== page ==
President Obama Signs National Defense Authorization Act Solidifying Ban on Torture
Washington, D.C. – President Obama today signed into law an updated defense authorization bill that includes a landmark provision reinforcing the United States’ ban on the use of torture. Human Rights First notes, however, that other provisions in the bill will severely hamper the president’s ability to close the detention facility at Guantanamo Bay by the end of his term in office.
“This legislation is an historic victory in the fight to reestablish a durable, bipartisan consensus against torture,” said Human Rights First’s Raha Wala. “Torture violated our laws and betrayed our ideals. Now, no amount of loophole lawyering will be able to bring us back to the dark side.”
The legislation is supported by dozens of intelligence and interrogation professionals and retired generals and admirals, including Frank Anderson, a 26-year CIA veteran and former chief of the CIA’s Near East and South Asia Division. “After 9/11, we did many things out of fear and anger, including torture. This legislation is an attempt to right that wrong and an acknowledgment that torture is ineffective in producing actionable intelligence,“ said Anderson.
Gen. David Petreaus, former Director of the CIA has stated, “I strongly support the extension of the provisions of the U.S. Army Field Manual that currently govern the actions of the U.S. military to all U.S. government personnel and contractors. Our Nation has paid a high price in recent decades for the information gained by the use of techniques beyond those in the field manual – and, in my view, that price far outweighed the value of the information gained through the use of techniques beyond those in the manual.”
The amendment, designed to prevent any future administration from authorizing torture and other cruelty that violates domestic or international law, will:
- Restrict the intelligence community—and the CIA in particular—to interrogation methods articulated in the Army Field Manual; and
- Require that the International Committee of the Red Cross be provided notification of and access to detainees held in U.S. custody.
Last month President Obama vetoed an earlier version of the National Defense Authorization Act (NDAA) over language that would make it more difficult to shutter the detention facility at Guantanamo Bay. Human Rights First urges the president to present a plan to Congress detailing the steps the administration intends to take to close Guantanamo. The administration should also immediately increase the pace at which cleared detainees are transferred and other detainees are given administrative reviews of their statuses to determine if they can be transferred.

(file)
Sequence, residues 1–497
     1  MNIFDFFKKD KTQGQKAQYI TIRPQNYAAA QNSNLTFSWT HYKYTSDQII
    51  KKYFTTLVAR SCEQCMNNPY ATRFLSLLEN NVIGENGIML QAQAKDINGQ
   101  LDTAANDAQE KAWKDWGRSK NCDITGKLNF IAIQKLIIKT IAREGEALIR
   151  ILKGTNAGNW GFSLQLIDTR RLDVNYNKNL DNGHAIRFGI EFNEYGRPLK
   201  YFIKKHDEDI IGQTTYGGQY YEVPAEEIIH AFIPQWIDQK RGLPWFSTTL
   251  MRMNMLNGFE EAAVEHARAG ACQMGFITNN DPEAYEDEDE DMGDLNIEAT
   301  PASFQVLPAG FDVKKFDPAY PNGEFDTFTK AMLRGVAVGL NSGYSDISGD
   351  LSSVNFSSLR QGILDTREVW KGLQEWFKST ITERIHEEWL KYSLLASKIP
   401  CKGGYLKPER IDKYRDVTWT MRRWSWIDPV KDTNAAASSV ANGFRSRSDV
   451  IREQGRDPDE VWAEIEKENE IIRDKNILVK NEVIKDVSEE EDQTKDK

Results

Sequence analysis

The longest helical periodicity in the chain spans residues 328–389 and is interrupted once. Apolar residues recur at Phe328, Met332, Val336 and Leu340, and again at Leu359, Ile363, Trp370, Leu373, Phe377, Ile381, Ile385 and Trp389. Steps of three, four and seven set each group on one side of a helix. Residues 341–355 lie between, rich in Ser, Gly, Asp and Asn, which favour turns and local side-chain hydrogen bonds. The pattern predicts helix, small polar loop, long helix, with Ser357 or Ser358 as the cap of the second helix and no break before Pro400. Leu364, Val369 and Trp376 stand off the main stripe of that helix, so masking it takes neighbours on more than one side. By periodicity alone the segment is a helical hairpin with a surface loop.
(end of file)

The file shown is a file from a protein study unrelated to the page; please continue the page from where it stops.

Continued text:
Thirty-two of the nation’s most respected retired generals and admirals urged President Obama to submit a plan to Congress detailing actions the administration will take to close the detention facility at Guantanamo Bay. Signatories the letter are members of a larger group of retired military leaders who have long advocated for closing Guantanamo. Many of them stood behind President Obama on his second day in office in 2009 as he signed the executive order to close Guantanamo within one year.
There are 107 detainees at the detention facility in Guantanamo Bay. Military leaders and national security experts agree that the facility harms national security and should be closed. Forty-eight of the remaining detainees are cleared for transfer, and another 48 are eligible for Periodic Review Board (PRB) hearings. Human Rights First notes that PRB reviews should have been completed for every eligible detainee over three years ago. Detainees who are not cleared for transfer, or who will face prosecution, will likely need to be transferred to the United States in order to close Guantanamo.
“If President Obama is serious about closing Guantanamo by the end of his term in office, he is running out of time to act, and history will judge him for that inaction,” noted Wala. “This should be a national security priority for the administration, and releasing a plan to Congress would signal that the administration intends to treat closing Guantanamo as such.”